Someone needs to go check the cable connections at the White House, because the comms department clearly hasn’t watched TV or read the internet in the past month.
Yesterday, White House Press Secretary Josh Earnest executed what may be the most impressive whiff in recent memory. ABC News White House Correspondent Jon Karl asked a very pointed question about how Yemen’s place in the war on terror has changed, given the fall of the Hadi government and subsequent withdrawal of US troops.
Earnest’s response? The White House does continue to believe that a successful counterterrorism strategy is one that will build up the capacity of the central government to have local fighters on the ground to have local fighters take the fight to extremists in their own country.
Jon Karl proceeded to say what everyone else in the room was thinking:
“That’s astounding,” Karl replied. “You still see Yemen as a model? Building up a central government, which has now collapsed? A president who has apparently fled the country? Saudi troops massing on one border, the Iranians supporting the rebels? You consider this a model for counterterrorism?”
Earnest argued that the efforts in Yemen had tamped down on the terror threat against the U.S. and better positioned the government to fight insurgent groups, something Karl didn’t buy.
“We do continue to enjoy the benefits of a sustained counterterrorism security relationship with the security infrastructure that remains in Yemen,” Earnest said. “There are elements of the Yemeni government that we continue to be in touch with that continue to further our efforts to apply pressure to extremists that seek to operate in that country.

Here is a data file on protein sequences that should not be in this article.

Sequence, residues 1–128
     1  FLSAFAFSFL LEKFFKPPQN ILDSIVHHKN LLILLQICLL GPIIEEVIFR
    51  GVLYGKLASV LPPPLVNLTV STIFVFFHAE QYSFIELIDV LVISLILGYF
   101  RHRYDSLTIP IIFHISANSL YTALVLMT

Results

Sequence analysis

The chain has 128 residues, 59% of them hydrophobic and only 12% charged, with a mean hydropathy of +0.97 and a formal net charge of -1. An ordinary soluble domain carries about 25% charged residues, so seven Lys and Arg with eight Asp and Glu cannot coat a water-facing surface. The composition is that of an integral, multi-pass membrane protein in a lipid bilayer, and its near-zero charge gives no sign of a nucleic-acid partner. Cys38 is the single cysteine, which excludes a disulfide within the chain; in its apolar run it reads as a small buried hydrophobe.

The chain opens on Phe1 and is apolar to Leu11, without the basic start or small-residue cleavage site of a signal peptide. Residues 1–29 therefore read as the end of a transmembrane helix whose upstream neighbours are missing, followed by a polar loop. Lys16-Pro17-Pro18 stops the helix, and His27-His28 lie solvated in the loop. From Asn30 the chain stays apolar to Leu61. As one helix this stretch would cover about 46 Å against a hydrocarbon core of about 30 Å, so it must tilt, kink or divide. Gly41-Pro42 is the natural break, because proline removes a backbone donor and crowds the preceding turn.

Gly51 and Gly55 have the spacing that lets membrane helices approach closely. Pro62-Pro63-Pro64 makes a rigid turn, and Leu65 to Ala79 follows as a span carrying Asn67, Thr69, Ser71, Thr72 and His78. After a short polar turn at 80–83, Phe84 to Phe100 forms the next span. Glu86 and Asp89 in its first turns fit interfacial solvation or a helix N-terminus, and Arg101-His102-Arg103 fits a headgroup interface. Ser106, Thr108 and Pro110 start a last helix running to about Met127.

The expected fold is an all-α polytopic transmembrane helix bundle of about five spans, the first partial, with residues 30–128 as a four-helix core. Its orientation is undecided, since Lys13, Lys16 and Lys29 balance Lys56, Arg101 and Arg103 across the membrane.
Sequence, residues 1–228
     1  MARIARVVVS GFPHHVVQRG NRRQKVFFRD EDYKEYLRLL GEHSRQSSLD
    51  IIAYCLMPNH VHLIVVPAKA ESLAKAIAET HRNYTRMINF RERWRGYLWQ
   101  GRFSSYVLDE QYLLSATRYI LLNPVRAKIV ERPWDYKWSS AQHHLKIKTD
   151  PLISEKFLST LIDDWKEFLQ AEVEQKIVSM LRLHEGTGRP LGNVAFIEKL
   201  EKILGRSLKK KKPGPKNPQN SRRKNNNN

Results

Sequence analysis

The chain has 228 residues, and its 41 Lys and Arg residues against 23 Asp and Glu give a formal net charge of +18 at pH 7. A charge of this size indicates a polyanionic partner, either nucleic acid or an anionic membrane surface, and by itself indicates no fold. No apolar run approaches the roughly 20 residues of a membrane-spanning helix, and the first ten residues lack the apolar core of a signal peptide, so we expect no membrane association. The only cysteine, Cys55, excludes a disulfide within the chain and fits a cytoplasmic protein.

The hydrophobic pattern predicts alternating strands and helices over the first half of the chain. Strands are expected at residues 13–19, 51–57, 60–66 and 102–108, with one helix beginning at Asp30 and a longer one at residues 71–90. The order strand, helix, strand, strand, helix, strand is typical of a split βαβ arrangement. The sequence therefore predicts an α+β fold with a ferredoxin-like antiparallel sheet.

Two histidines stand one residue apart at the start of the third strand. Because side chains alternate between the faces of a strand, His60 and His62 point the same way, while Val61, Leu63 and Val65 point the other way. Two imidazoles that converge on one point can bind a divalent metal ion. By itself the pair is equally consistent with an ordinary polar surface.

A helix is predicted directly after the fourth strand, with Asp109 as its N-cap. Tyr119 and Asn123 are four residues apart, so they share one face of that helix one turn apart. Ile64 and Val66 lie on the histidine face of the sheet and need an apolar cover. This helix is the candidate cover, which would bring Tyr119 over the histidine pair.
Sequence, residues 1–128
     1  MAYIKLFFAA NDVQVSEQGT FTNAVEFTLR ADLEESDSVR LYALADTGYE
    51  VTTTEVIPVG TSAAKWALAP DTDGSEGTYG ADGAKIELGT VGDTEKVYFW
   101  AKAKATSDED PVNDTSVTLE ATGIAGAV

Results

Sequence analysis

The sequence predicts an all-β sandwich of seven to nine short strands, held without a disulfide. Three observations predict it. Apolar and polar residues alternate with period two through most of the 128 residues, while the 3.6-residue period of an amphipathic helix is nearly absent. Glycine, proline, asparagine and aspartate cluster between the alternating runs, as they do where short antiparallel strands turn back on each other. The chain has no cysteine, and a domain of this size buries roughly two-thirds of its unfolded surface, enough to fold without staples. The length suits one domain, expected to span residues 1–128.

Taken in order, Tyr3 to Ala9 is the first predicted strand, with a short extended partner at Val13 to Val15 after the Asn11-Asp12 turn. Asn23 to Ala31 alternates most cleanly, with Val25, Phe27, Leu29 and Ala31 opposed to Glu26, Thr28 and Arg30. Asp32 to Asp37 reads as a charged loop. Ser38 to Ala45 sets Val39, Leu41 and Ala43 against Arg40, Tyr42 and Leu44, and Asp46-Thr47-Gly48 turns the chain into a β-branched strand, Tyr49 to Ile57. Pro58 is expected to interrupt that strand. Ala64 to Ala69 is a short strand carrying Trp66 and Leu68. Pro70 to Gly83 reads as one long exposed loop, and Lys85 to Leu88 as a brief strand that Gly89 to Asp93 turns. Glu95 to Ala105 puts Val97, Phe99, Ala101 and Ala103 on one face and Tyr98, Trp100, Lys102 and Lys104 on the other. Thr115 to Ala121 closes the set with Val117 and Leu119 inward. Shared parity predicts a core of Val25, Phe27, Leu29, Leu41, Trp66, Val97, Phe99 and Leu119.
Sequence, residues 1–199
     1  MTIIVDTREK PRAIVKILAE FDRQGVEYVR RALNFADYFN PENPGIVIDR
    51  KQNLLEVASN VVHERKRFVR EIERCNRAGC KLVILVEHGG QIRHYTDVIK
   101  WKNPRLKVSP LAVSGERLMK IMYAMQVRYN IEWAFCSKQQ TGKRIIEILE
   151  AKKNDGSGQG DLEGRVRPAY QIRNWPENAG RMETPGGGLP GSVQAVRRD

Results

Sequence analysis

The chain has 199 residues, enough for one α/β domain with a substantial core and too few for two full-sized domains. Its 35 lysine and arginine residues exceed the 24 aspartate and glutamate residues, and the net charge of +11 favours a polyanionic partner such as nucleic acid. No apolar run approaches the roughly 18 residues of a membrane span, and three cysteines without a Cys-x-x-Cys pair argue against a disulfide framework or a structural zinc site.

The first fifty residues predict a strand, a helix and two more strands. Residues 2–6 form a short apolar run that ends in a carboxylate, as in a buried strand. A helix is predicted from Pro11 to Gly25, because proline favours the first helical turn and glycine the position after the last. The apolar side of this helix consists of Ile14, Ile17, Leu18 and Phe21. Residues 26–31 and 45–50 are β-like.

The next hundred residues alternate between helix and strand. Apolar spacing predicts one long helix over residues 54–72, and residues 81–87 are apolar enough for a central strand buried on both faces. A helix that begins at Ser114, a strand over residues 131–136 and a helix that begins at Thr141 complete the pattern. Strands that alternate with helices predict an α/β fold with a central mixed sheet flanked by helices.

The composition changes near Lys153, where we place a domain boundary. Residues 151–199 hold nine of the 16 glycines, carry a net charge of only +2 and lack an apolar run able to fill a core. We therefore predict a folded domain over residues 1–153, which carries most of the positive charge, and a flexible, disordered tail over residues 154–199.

Earnest said that “there’s no doubt that we’d like to see a functioning central government in Yemen…”
Welcome to the State of Denial, America.
According to Al Jazeera sources, the strikes carried out by 100 jets from Saudi and its coalition, have destroyed Iranian-made missile launchers in the capital Sanaa.
Houthi military barracks and air bases controlled by the rebels were also reportedly destroyed, Fayez al-Duweiri, a retired Jordanian general and defence analyst, told Al Jazeera.
The Houthi-run health ministry in Sanaa said that at least 18 civilians were killed and 24 others were wounded in the Saudi-led attacks on the capital.
The bombing of the Houthis, who are said to be backed by Iran, a charge Tehran denies, came after several weeks of warnings that Yemen was descending into civil war.
At this point, what “we’d like to see” is 100% irrelevant. If these airstrikes work, and Hadi is reinstated, we’re still dealing with a 3-pronged insurgency hostile to that government. If it fails…devolution? Civil war at the very least.
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